night shift work linked to increased risk of heart disease

Night Shift Work Linked to Increased Risk of Heart Disease

Night shift work can make you very tired and interfere with your sleep cycles. Alarmingly, a growing body of research suggests that it can also contribute to heart disease.

Anyone who has ever performed night shift work knows that it can have immense effects on your schedule as well as your general feelings of well-being. When you work the night shift, it can be difficult to maintain a schedule, get adequate sleep and avoid feeling fatigued all the time. Sleeping at odd hours, especially during the day, is a challenge for many. The result is fatigue, fuzzy thinking and other complaints. However, the effects of night shift work are not a mere inconvenience. Not only can working nights mess with your sleep and energy, but it can affect your cardiovascular health as well.

How Does Night Shift Work Affect Your Heart?

The Nurses’ Health Study has been following a huge population of nurses(more than 100,000 people) for several decades. One surprising discovery is that people who work the night shift or are on-call at night have an increased risk of mortality by 11 percent. In addition, these workers are between 19 and 23 percent more likely to die of cardiovascular illness. The increased incidence of heart disease and cardiovascular-related death is present even when other variables are the same.

The Physiology of Night Shifts and Heart Disease

Medical researchers have identified a few ways that night shift work can contribute to heart disease. One study found that even a short-term disruption of a person’s natural circadian rhythm can lead to higher blood pressure and increased inflammation, both of which are important risk factors for heart disease.

Another study looked the effect of working irregular hours in health care workers and found that these people have more activity in the sympathetic nervous system. This system is associated with both emotional and physiological stress, the creator of what we call the “fight or flight response.” Health care workers who miss sleep for work have more physiological stress hormones. In addition, they have thickening of the carotid arteries and other signs of developing cardiovascular disease.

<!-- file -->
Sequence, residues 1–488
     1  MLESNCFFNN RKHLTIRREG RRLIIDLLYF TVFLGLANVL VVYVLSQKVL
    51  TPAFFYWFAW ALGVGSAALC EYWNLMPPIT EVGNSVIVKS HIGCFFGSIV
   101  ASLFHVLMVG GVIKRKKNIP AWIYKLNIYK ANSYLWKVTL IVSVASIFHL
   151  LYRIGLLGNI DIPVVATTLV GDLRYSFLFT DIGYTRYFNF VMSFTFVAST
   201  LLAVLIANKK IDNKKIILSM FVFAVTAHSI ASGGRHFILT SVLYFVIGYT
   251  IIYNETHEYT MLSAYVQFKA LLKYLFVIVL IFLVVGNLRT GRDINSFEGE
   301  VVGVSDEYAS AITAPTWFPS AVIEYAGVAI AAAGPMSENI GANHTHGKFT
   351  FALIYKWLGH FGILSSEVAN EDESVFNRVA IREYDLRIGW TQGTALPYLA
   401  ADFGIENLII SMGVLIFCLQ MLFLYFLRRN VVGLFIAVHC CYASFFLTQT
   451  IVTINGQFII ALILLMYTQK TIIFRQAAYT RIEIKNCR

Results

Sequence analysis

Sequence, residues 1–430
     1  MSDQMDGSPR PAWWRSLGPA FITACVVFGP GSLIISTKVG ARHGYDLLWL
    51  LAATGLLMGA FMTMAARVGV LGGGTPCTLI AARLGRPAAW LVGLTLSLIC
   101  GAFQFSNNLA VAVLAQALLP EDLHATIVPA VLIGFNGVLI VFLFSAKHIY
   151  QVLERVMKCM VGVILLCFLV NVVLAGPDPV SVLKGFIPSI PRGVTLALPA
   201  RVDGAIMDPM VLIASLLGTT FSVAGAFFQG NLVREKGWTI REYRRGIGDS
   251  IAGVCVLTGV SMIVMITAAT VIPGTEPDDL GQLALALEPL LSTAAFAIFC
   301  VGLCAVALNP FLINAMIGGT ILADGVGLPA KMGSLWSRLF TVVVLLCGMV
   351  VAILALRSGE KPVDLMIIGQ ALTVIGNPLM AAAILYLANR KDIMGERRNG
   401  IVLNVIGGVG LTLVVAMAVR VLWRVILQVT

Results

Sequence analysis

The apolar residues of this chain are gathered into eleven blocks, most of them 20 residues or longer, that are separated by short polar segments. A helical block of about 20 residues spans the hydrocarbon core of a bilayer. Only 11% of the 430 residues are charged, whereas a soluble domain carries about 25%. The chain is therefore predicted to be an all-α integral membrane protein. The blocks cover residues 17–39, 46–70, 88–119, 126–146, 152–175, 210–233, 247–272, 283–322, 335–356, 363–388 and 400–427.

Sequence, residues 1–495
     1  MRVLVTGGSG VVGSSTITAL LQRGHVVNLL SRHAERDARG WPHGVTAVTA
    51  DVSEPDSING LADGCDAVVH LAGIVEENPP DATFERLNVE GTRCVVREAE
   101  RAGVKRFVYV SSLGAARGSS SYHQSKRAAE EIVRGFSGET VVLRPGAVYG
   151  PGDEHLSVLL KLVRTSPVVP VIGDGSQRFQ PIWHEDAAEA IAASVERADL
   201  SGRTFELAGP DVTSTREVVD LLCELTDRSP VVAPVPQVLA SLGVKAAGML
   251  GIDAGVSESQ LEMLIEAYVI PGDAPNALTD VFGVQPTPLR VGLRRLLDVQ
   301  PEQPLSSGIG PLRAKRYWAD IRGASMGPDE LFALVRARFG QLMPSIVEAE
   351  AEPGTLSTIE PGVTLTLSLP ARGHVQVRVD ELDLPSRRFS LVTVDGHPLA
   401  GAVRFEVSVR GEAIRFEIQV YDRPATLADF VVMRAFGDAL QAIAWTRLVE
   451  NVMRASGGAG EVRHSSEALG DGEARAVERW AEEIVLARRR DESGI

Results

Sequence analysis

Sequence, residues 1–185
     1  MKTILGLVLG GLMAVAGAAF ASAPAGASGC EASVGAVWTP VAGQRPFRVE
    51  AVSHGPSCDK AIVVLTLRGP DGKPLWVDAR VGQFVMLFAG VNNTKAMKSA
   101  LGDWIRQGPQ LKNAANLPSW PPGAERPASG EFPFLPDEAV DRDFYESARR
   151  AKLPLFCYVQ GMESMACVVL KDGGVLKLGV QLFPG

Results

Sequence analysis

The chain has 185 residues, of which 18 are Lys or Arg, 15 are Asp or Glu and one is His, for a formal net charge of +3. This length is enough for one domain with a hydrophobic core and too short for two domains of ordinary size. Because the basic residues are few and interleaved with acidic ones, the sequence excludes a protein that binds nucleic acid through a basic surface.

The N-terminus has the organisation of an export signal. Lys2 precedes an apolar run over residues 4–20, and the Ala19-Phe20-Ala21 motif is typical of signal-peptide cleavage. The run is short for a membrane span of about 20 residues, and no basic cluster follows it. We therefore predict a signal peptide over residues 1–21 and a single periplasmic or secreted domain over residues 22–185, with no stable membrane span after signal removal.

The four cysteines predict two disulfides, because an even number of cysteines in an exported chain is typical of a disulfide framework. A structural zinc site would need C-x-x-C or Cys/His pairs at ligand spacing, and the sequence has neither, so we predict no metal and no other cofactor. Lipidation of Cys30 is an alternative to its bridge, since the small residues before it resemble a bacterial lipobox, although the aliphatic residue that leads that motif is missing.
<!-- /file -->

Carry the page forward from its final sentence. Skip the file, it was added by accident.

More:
Healthcare workers are not the only population where shift work can affect heart health. The CDC and WHO consider shift work a major cause of occupation-related illness due to several studies finding a significant increased risk. Working the night shift is simply not healthy for most people.

New Discoveries, New Approaches

We will always need night shift workers to staff hospitals and in other fields that don’t close down for the night. However, there are ways that knowledge of the link between heart disease and night shift work can be used to improve health. People who work odd hours can be screened earlier and more carefully for cardiovascular problems like high blood pressure to allow early detection and treatment. In addition, melatonin and other supplements may help to prevent cardiovascular disease by helping workers to get adequate rest and maintain a healthy circadian rhythm. Fields where night work is not necessary may consider changing hours so workers can keep a more natural circadian rhythm.

Sleepless nights affect people more than we often realize. New studies are constantly linking surprising diseases with disruptions in the circadian rhythm. Regular sleep of high quality is very important to good health, even if modern life often makes it difficult.

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